Two Incidents That Prove Improper Communication Leads To Accidents At Sea

By Chief Officer Abhishek Bhanawat

Communication is a common, widely used small word with a wide context. A very common funny incident quoted these days – Someone called up emergency services stating that a person named Hu met an accident. By the time the Emergency services could assert themselves regarding the identity of the victim and understand that it was Hu and not Who – the victim passed away.

Often we have seen junior ranks on ships responding with ‘Yes Sir ‘ for any task assigned and later on to be discovered something else has been done with respect to the subject matter.

Above example states the importance of an accurate and precise comprehension of instructions and their relevant and situational interpretation as well. Various instances onboard require a mariner to respond as well as act according to pre defined and specified patterns during routine and emergencies.

For various non-routine tasks also companies have introduced team meetings, tool box meeting and risk assessment procedures. These sessions of interaction are invariably held and they assist a master or other team leaders in recognising merits and de merits of their team members prior a task.

Communication between team the leader and team members or amongst team members here plays a pivotal role in underlining probable inception of error chains and eliminating such root causes. The below incidents highlight how various communication failures led to accidents and even loss of property.

Case 1 :

A vessel was transiting Suez Canal with pilot onboard where she was supposed to be navigating along the centre line of the channel , however as she drifted away from the centre line the pilots and bridge team used corrective helm and engines to counter it. By the time the vessel had swung considerably and it neared another bank on the opposite side. The stern of the vessel brushed and contacted with rocky bottom.

A heavy thud was heard and vibrations felt on the wheelhouse and engine room as well. Speed of the vessel dropped and picked up again. All ship staff noticed the vibrations. Engine room called up bridge to confirm if everything was in order. Both the officers on watch confirmed with the pilot if everything was in order to which pilot responded affirmatively. The vessel had picked up speed again and resumed the canal transit. The senior most officer on watch neither called master nor discussed it later on with him.

However below the waterline the forward part of the hull suffered damages and thus her strength was reduced considerably in the area of impact. Slight deformation was there but below the waterline. The vessel crossed the canal and while she was loading in load port a large thud was heard again and the officer on watch noticed water rushing in ballast tank No. 1 ,2 ,3 on Port Side. Due to continual stresses on a damaged, deformed and fatigued hull the weak zone crumbled and gave away.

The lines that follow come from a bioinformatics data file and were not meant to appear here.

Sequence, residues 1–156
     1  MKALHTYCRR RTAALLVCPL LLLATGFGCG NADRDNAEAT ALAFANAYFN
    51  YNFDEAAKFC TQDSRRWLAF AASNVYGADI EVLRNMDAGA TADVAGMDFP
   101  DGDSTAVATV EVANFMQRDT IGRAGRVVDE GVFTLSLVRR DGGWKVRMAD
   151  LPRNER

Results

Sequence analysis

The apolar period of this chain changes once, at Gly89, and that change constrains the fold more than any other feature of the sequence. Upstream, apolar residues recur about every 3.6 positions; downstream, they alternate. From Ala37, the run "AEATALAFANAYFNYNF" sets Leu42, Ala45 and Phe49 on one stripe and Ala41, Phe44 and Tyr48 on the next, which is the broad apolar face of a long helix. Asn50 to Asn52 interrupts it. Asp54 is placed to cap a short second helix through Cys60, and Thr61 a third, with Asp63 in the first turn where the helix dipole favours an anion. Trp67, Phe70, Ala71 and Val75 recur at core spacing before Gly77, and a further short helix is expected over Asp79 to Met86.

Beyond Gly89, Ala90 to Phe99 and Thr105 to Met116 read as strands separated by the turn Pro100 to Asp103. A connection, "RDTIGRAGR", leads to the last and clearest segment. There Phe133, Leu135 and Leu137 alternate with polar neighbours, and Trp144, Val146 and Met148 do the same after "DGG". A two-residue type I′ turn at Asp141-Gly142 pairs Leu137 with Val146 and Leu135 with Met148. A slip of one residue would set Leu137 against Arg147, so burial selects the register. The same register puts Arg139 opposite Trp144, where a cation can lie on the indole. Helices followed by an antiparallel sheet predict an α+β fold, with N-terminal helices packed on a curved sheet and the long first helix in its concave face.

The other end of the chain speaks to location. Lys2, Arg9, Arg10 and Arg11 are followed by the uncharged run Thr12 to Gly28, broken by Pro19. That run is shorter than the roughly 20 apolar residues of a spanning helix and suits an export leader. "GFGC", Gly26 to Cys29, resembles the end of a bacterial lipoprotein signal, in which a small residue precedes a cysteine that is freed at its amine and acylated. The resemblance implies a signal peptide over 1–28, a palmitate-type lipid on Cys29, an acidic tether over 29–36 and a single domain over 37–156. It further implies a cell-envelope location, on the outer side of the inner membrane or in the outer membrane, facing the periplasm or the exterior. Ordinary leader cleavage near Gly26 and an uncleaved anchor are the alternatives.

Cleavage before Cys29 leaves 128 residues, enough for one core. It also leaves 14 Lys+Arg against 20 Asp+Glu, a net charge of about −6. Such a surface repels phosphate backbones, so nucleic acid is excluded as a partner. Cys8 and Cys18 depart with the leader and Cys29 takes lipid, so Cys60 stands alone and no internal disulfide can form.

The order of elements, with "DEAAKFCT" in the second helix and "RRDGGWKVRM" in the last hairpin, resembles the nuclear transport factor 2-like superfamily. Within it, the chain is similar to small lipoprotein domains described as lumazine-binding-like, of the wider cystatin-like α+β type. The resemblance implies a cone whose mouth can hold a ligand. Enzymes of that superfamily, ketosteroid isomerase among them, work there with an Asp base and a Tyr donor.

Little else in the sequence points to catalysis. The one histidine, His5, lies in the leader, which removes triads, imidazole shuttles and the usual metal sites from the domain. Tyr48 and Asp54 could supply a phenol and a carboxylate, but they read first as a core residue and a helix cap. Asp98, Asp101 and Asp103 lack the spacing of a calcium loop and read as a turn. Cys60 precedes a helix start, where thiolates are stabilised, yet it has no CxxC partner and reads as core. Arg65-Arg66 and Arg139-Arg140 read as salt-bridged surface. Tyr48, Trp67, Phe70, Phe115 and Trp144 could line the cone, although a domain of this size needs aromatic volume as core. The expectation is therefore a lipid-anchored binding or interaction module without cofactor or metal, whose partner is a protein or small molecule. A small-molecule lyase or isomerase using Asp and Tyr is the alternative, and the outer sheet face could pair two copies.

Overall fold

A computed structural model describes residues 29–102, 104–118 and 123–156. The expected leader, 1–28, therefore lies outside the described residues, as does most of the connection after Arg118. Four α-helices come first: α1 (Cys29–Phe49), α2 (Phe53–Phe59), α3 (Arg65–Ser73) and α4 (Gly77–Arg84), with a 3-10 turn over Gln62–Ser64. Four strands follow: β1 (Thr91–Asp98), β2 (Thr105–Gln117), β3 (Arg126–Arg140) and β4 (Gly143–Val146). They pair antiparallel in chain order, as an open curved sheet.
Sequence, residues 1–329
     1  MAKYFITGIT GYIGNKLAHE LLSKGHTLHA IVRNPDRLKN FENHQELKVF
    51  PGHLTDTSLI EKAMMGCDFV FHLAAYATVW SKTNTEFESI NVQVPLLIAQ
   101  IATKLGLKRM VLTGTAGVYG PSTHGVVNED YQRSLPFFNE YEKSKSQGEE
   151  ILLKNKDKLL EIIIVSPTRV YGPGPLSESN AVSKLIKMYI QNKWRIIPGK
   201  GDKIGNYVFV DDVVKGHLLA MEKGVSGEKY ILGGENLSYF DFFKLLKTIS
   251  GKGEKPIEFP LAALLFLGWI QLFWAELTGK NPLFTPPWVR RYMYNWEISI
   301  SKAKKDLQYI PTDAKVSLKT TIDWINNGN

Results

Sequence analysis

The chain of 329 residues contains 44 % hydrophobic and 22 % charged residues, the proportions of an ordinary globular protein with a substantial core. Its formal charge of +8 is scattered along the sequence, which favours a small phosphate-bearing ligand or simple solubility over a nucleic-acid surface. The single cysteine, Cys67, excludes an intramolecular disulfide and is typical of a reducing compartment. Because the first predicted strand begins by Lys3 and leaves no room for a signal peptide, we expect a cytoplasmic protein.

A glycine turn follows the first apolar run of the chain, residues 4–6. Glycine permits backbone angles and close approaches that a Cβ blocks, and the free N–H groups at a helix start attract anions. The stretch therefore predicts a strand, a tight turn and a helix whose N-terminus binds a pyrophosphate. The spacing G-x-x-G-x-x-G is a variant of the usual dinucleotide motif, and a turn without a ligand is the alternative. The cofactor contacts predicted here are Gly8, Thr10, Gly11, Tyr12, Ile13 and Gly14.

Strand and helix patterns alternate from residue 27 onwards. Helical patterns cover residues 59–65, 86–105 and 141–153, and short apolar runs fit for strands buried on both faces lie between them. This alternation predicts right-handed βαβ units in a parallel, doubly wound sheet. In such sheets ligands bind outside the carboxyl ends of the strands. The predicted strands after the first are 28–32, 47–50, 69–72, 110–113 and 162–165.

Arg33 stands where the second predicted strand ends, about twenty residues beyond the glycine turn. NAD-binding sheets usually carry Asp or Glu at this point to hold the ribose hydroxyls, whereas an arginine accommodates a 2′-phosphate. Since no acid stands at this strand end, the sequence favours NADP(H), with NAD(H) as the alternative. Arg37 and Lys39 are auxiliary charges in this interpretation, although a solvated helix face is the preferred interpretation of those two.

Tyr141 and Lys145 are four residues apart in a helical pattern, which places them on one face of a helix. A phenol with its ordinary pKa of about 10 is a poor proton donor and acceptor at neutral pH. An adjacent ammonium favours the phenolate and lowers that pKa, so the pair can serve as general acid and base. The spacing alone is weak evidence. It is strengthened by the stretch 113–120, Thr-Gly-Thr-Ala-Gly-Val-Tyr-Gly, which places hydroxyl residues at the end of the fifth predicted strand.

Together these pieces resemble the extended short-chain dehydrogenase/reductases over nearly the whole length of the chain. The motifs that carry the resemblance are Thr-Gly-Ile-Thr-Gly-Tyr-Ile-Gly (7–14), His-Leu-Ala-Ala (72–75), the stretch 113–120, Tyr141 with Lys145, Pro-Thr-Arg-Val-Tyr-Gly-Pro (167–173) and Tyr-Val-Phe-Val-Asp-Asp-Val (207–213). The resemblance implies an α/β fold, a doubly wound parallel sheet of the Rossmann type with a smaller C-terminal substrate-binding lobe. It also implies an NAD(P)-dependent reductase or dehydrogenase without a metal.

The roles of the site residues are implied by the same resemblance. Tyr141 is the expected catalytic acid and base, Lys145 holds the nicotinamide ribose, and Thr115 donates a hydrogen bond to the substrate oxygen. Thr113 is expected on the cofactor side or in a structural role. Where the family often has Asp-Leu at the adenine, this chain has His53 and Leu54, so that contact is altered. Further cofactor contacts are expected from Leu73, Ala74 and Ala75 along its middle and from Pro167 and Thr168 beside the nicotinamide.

The root cause upon investigation was lack of communication among onboard team as they failed to assess damages through ballast tank inspection after a contact and report the shore based management about the same. A strong channel of communication here between team onboard and shore staff could have saved off hire charges and the loss of reputation the ship owners suffered.

Case 2 :

In an another chain of events a team of engineers at sea were busy with pre arrival tests of cargo machinery. It was planned to test the steam turbine driven cargo pumps. The junior most engineer was asked to open the main steam valve. There were three valves in total , one each for a turbine. He opened one of the valves and there was a rattling sound of steam gushing through the line which damaged one of the steam turbine. A wrong turbine which was not being warmed up was exposed to steam. The vessel was approaching port within three days and no spares for turbine were available onboard thus vessel had only two pumps operational instead of three.

This information was not conveyed further to the terminal in their pre arrival questionnaire or the charterers. Instead the vessel reported all cargo equipment in order. As a result of this vessel was put on off hire till all three pumps were operational and black listed at the terminal for that port.

The above incident did not happen because the team members were incompetent. The prime fact which the team had neglected was communication of specific instructions and the acknowledgement of the same by the personnel to whom the jobs have been assigned. A Reciprocating method is always helpful to prevent an error chain from developing. A very common subject matter of case studies often points out authority gradient as a major contributing factor in accidents related to Navigation. Bridge team failures where due to one sided or restricted communication between senior and junior deck officers, the vessel ran aground, collided with a berth or another vessel or escaped a near collision situation.

Bridge team management or bridge resource management emphasises on development of two ways and interactive communication along with requisite navigational skills and expertise. As rightly put by them – Ill managed resources or personnel on the bridge pose an equivalent hazard comparable to navigational hazards during a passage. In almost every error chain, the consequences of which gradually lead to an accident has been due to failure of the team to communicate instantly and without hesitation. A team leader should always create an amicable environment and encourage inputs and active participation of his team members while planning and executing various tasks onboard.

A well assessed team is an essential feature to achieve targets in a safe and time bound manner. Such teams witness well co – ordinated efforts with shore management and support.

Source: Marineinsight through the Daily Collection of Maritime Press Clippings.